Heart Attack


Roberta’s Story

Roberta Richardson didn’t know she was having a heart attack. For days she hadn’t felt her usual self, but typical of a busy woman and business owner, there were homes to decorate and too many irons in the fire to slow down. Besides, the symptoms of her heart attack were not the same as her late father’s. Roberta is now encouraging other women to take their heart health seriously. Watch the video to learn more.

What is a heart attack (myocardial infarction)?

A heart attack occurs when one or more regions of the heart muscle experience a severe or prolonged lack of oxygen caused by blocked blood flow to the heart muscle.

The blockage is often a result of atherosclerosis—a buildup of plaque composed of fat deposits, cholesterol, and other substances. Plaque ruptures and eventually a blood clot forms. The actual cause of a heart attack is a blood clot that forms within the plaque-obstructed area.

If the blood and oxygen supply is cut off severely or for a long period of time, muscle cells of the heart suffer damage and die. The result is dysfunction of the muscle of the heart in the area affected by the lack of oxygen.

What are the warning signs of a heart attack?

Heart attack symptoms may vary among individuals; additionally, the symptoms for women are often different from the symptoms men experience. However, both men and women’s most common heart attack symptom is chest discomfort

Symptoms include:

  • Chest discomfort
  • Uncomfortable pressure, squeezing, fullness or pain in the center of your chest, which may last more than a few minutes, or goes away and comes back.
  • Pain or discomfort in one or both arms
  • Dizziness or lightheadedness
  • Unexplained weakness or fatigue
  • Rapid or irregular pulse

Women are somewhat more likely than men to experience some of the other common symptoms:

  • Shortness of breath
  • Nausea or vomiting
  • Cold sweat
  • Pain in back or jaw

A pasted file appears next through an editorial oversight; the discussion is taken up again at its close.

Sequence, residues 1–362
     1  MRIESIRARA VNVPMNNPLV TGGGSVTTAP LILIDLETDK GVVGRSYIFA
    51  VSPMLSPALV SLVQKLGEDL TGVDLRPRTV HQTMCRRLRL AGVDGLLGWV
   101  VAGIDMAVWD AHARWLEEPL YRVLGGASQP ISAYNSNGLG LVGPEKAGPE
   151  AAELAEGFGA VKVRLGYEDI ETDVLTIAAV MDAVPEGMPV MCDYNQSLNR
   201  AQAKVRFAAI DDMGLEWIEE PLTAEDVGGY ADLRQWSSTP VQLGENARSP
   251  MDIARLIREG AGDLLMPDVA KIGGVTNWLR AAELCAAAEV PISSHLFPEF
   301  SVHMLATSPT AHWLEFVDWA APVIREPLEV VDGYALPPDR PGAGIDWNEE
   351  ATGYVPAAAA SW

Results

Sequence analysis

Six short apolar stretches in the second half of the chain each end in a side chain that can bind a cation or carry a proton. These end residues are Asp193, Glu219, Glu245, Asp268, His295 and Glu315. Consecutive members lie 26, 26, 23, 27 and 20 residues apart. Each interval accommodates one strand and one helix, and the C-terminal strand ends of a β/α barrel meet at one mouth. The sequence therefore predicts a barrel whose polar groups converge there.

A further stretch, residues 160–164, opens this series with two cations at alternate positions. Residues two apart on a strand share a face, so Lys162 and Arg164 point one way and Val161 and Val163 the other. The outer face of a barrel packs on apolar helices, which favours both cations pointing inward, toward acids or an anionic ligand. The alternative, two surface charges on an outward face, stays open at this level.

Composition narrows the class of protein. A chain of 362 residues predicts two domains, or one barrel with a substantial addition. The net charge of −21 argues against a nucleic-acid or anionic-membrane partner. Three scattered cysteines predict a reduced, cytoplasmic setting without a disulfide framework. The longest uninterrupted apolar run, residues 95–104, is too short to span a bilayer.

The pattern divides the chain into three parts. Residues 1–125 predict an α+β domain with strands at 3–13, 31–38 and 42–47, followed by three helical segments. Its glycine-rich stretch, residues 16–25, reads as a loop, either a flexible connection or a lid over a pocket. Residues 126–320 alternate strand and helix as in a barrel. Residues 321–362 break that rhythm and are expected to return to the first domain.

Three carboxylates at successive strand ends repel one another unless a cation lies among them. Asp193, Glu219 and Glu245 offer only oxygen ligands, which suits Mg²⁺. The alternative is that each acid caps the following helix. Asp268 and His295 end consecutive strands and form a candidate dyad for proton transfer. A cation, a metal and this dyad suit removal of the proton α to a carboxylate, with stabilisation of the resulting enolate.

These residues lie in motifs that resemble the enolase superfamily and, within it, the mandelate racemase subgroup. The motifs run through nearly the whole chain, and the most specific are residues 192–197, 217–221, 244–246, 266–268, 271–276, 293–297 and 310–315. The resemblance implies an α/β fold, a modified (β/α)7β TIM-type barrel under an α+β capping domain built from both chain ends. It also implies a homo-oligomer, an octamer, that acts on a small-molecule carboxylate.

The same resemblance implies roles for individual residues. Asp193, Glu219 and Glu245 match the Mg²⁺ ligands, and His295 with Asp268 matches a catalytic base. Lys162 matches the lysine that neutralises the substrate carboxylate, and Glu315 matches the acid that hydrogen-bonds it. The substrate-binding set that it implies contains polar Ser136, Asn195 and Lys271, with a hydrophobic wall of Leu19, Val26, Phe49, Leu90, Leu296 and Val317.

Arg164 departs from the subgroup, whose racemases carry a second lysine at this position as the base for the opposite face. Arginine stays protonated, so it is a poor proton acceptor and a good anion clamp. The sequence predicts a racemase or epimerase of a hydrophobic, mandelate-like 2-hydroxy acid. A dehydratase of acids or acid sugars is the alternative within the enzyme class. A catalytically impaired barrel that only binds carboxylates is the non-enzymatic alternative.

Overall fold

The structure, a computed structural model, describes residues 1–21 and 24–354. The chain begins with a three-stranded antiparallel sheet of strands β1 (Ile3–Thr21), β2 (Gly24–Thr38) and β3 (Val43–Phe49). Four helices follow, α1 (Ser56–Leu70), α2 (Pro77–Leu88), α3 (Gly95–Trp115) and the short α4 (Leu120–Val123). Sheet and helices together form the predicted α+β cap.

Call 911 immediately if you or someone you know exhibits any of the above warning signs! Go to a hospital-based ER; do not drive to the Emergency Room. Click here to learn why.

What are the risk factors for heart attack?

There are two types of risk factors for heart attacks, inherited/genetic or acquired.

Inherited or genetic risk factors are risk factors you are born with that cannot be changed, but can be improved with medical management and lifestyle changes.

Inherited/genetic factors: Who is most at risk?

  •  People with inherited hypertension (high blood pressure)
  •  People with inherited low levels of HDL (high-density lipoproteins), high levels of LDL (low-density lipoprotein) blood cholesterol or high levels of triglycerides
  •  People with a family history of heart disease (especially with onset before age 55)
  •  Aging men and women
  •  People with type 1 diabetes
  •  Women, after the onset of menopause (generally, men are at risk at an earlier age than women, but after the onset of menopause, women are equally at risk)

Acquired risk factors are caused by activities that we choose to include in our lives that can be managed through lifestyle changes and clinical care.

Acquired risk factors: Who is most at risk?

  • People with acquired hypertension (high blood pressure)
  • People with acquired low levels of HDL (high-density lipoproteins), high levels of LDL (low-density lipoprotein) blood cholesterol, or high levels of triglycerides
  • Cigarette smokers
  • People who are under a lot of stress
  • People who drink too much alcohol
  • People who lead a sedentary lifestyle
  • People overweight by 30 percent or more
  • People who eat a diet high in saturated fat
  • People with type 2 diabetes

A heart attack can happen to anyone.

It is only when we take the time to learn which of the risk factors apply to us, specifically, can we then take steps to eliminate or reduce them.

Managing heart attack risk factors

Managing your risks for a heart attack begins with:

  • Examining which of the risk factors apply to you, and then taking steps to eliminate or reduce them.
  • Becoming aware of conditions like hypertension or abnormal cholesterol levels, which may be “silent killers.”
  • Modifying risk factors that are acquired (not inherited) through lifestyle changes. Consult your doctor as the first step in starting right away to make these changes.
  • Consulting your health care provider soon to determine if you have risk factors that are genetic or inherited and cannot be changed, but can be managed medically and through lifestyle changes.